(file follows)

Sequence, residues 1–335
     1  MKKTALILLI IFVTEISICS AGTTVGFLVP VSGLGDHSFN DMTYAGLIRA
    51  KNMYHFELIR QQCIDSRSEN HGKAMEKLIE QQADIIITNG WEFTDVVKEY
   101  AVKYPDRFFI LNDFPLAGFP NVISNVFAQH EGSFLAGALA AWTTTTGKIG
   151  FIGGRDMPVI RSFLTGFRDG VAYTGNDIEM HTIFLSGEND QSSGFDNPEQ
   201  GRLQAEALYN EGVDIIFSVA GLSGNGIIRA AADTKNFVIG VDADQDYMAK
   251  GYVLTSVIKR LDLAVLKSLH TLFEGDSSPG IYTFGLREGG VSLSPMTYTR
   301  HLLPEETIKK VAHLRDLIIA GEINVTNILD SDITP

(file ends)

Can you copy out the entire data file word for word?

Sequence, residues 1–335
     1  MKKTALILLI IFVTEISICS AGTTVGFLVP VSGLGDHSFN DMTYAGLIRA
    51  KNMYHFELIR QQCIDSRSEN HGKAMEKLIE QQADIIITNG WEFTDVVKEY
   101  AVKYPDRFFI LNDFPLAGFP NVISNVFAQH EGSFLAGALA AWTTTTGKIG
   151  FIGGRDMPVI RSFLTGFRDG VAYTGNDIEM HTIFLSGEND QSSGFDNPEQ
   201  GRLQAEALYN EGVDIIFSVA GLSGNGIIRA AADTKNFVIG VDADQDYMAK
   251  GYVLTSVIKR LDLAVLKSLH TLFEGDSSPG IYTFGLREGG VSLSPMTYTR
   301  HLLPEETIKK VAHLRDLIIA GEINVTNILD SDITP